Paris attacks: Francois Hollande warns Europe must control borders to prevent 'dismantling of the EU'

French President begins rare joint session of both houses of the French parliament with words: 'France is at war'

France’s renewed resolve to wage war on Isis is almost certain to trigger the unprecedented suspension of the Schengen agreement – the treaty which abolished systematic border checks between most European Union countries.

Addressing a rare joint session of both houses of the French parliament in the Palace of Versailles – only the second in 160 years – and beginning with the words “France is at war”, President François Hollande announced constitutional amendments to strengthen the fight against terrorism. 

Extending France’s state of emergency for three months and announcing that 8,500 extra jobs are to be created in the police, judicial and border control service, Mr Hollande warned that if Europe did not control its external borders there could be a return to nationalism and, even, the “dismantling of the European Union”.

Mr Hollande’s announcement came as it was confirmed that one of the three suicide bombers at the Stade de France arrived in Greece as a “fake” Syrian refugee only five weeks earlier. Once admitted by the Greek authorities, he travelled without much trouble through Europe.

Congress sings La Marseillaise after Hollande's address

France, which woke to news that dawn raids had been launched at 168 addresses across the country, leading to 23 arrests and another 104 people being placed under house arrest, will press at an EU ministerial meeting on Friday for its European partners to trigger the “emergency” clause in Schengen which allows frontier barriers to return in times of crisis.

Mr Hollande said the aircraft carrier Charles de Gaulle will set sail for the eastern Mediterranean to “triple” France’s air-strike capacity over Syria and Iraq. “The Republic will not be destroyed by terrorism,” Mr Hollande said. “The Republic will destroy terrorism.”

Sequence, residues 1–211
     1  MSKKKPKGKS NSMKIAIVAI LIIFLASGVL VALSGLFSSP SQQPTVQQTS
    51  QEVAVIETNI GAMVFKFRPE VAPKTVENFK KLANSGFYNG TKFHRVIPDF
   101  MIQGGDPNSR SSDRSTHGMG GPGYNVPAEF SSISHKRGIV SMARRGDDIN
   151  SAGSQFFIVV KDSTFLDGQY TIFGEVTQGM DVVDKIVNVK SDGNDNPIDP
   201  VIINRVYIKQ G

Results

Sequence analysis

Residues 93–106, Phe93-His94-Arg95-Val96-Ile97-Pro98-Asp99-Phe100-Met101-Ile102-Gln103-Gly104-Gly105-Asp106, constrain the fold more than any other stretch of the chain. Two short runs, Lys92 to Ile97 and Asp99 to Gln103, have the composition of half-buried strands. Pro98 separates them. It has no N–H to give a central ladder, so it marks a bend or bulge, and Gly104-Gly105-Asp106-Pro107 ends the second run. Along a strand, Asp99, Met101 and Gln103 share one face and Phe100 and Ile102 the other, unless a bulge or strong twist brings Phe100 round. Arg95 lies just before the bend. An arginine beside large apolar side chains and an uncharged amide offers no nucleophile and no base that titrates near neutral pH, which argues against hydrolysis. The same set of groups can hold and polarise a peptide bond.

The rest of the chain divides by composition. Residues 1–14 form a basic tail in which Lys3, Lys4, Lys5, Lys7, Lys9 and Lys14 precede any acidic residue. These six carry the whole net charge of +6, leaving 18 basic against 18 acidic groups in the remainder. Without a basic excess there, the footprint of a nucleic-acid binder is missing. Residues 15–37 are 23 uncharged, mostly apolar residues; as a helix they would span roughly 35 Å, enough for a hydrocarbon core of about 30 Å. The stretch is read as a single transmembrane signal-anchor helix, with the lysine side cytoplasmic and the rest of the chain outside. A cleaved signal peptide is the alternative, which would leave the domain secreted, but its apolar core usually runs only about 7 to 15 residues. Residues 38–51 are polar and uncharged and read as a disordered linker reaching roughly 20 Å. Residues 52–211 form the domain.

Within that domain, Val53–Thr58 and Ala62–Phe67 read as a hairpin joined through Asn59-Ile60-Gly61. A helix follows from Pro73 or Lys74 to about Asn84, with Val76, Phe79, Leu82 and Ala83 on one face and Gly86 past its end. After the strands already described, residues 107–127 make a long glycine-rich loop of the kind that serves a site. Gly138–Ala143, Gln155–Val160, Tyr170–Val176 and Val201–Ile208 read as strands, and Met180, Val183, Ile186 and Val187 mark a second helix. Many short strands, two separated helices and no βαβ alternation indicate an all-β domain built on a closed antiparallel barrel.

The Hollande administration – previously a passionate defender of Schengen – will argue that the threat of further attacks is acute. While the danger persists, France and other EU countries must be given every opportunity to disrupt or complicate the murderous machinations of the “Islamic State”.

In short order, Mr Hollande said, there will be meetings with Barack Obama in Washington and Vladimir Putin in Moscow in order to “unite our forces to achieve a result that has taken too long”. In the past there have been short suspensions on Schengen by individual countries, notably by Germany this summer when the migrant pressure became intolerable. There is no precedent for a complete suspension of Schengen throughout continental Europe, as France is now expected to demand. 

The French request appears reasonable – even inevitable. The multiple massacres in Paris last Friday were, it is clear, launched from Belgium and from further afield, in Syria. Mr Hollande responded with air strikes on the Syrian de-facto capital of Isis, Raqqa. 

Two of the cars used by the attackers were hired in Brussels. At least two of the mass murderers were based there. They were able to drive the three-and-a-half hours down the motorway to Paris with impunity. 

The death, or even the suspension, of Schengen will be greeted with delight on the nationalist right in Europe and with much schadenfreude by Eurosceptics in Britain.

To nationalist diehards, the Schengen area is an affront. It removes one of the most visible and potent powers of the nation state – the power to police national borders. It is also one of the most popular and visible EU achievements and an important symbol of the existence of a European Union. 

The question remains, however, would border controls have prevented the Paris atrocities? Probably not. The Franco-Belgian border has been porous for many decades. There are scores of small frontier crossings. 

The suspension of Schengen is probably inevitable. Its resurrection will be more difficult. Schengen, like most things in democratic life, was muddled and imperfect. Its disappearance, even “temporarily”, will be a small victory for the Eurosceptics. It will be a big victory for Isis.